What is a slab roller and why you should use one?
Forget using a good old-fashioned rolling pin and measuring sticks, a slab roller could be a welcome purchase for potters who are hand building and using mold. Essentially a slab roller is a machine that can turn a lump of clay into a smooth, even flat slab that can then be used for anything from making ceramic tiles to making a bowl or plate in a mold.
The benefits of using a slab roller are numerous, firstly, they save your back and arms in muscle power and also stop you having to bend over rolling all your work out with a rolling pin. Secondly, they save you time, as you just turn the handle of the slab roller as it rolls along the clay (they work in a similar way, an old clothes mangle would in wringing out water from wet clothes). The clay gets rolled much faster and more efficiently with a slab roller than it would if you were rolling by hand.
Another great thing about slab rollers is that they can handle much larger amounts of clay than you would be able to, by rolling by hand. And most slab rollers are adjustable, this means you will be able to set the exact height you would like your slab to be. So you can make ceramic tiles in varying thicknesses.
What to look out for if you’re buying a slab roller?
There are some beautiful slab rollers on the market in a varying price range and a huge variety of places that sell them.
You should think first about whether or not you want a table top slab roller, which are a great consideration if you are restricted by space, as they can be easily stored away. Having said that, a slab roller with a table top can also be doubled as a work surface in most cases. Most of the slab rollers you’ll come across are operated by a hand wheel mechanism (usually one that’s on a rack and pinion track).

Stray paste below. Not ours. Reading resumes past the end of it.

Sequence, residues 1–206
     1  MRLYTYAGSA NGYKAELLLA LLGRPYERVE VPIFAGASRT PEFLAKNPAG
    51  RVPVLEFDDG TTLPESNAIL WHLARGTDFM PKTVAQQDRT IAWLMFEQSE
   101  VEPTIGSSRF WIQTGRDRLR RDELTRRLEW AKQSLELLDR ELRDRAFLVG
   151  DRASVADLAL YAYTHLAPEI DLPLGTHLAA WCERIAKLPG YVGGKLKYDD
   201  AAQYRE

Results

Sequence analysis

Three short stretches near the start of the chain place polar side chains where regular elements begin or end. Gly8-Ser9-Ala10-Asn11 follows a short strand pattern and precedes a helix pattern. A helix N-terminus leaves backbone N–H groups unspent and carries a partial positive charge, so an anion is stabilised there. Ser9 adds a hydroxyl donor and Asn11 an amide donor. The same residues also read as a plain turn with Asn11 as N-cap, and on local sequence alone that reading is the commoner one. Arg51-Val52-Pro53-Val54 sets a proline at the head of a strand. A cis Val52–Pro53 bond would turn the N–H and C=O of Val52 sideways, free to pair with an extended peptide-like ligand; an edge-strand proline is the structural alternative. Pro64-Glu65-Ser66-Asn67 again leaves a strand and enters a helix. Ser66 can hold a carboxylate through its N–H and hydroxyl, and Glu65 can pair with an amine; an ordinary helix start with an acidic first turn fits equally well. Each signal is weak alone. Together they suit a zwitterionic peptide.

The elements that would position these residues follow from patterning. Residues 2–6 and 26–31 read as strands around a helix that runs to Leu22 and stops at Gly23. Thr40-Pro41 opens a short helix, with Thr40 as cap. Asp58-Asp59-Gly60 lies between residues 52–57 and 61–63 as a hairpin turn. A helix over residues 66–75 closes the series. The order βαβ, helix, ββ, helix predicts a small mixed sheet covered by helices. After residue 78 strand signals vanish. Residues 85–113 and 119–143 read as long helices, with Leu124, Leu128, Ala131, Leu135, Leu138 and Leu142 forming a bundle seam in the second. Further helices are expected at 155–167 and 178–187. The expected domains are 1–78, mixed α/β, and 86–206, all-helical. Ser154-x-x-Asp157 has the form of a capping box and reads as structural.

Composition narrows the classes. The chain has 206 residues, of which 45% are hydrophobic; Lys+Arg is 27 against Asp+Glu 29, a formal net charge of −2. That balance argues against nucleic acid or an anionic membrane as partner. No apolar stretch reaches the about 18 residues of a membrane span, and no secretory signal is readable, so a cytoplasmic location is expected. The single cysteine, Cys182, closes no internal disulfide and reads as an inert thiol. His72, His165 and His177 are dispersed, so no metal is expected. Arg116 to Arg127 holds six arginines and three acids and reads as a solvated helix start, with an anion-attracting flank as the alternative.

The majority of slab rollers roll across the top of the bed (or table top), while some come with two rollers and the clay is flattened between the two. The higher in price you go with your slab roller the more heavy duty a piece you will get. You should certainly consider this when deciding how much use you’ll be getting out of the slab roller. Daily use for rolling slabs in large quantities would be better suited to a heavy duty roller rather than just a table top roller which would work better for a infrequent slab building.
Alternative ways to make your own slab roller:
Slab rollers can be on the pricey side and with the right tools and ingenuity; you can also create your very own slab roller to use in your pottery studio. Randy Johnston uses his own version, which he saw being using in Japan and he calls it a ‘pocket slab roller’. Basically his method is to use a couple of wooden sticks, cut to square and the same size (ones you can pick up for a couple of dollars). Then he marks them up with a measuring tape, making lines across both for the exact height he wants his slabs (Randy uses a band saw to cut the wood). Then he makes cuts where each of the lines are. The reason for cutting the sticks is so that he can slot in a wire cutter, think the exact one you would use to cut your clay.
The handles of the wire cutter will sit on the outside of your sticks, creating a type of handle for you to hold.
Then you’ll have to prepare your clay, by wedging a huge pile of clay and placing it on the table. Make sure the clay has been properly wedged and pounded. Then you take your hand held slab cutter and holding it horizontally, cleanly cutting a slab through the clay. Then you just move the wire down to the lower notch and run it through the clay again. Continue this process until you have a whole pile of slabs.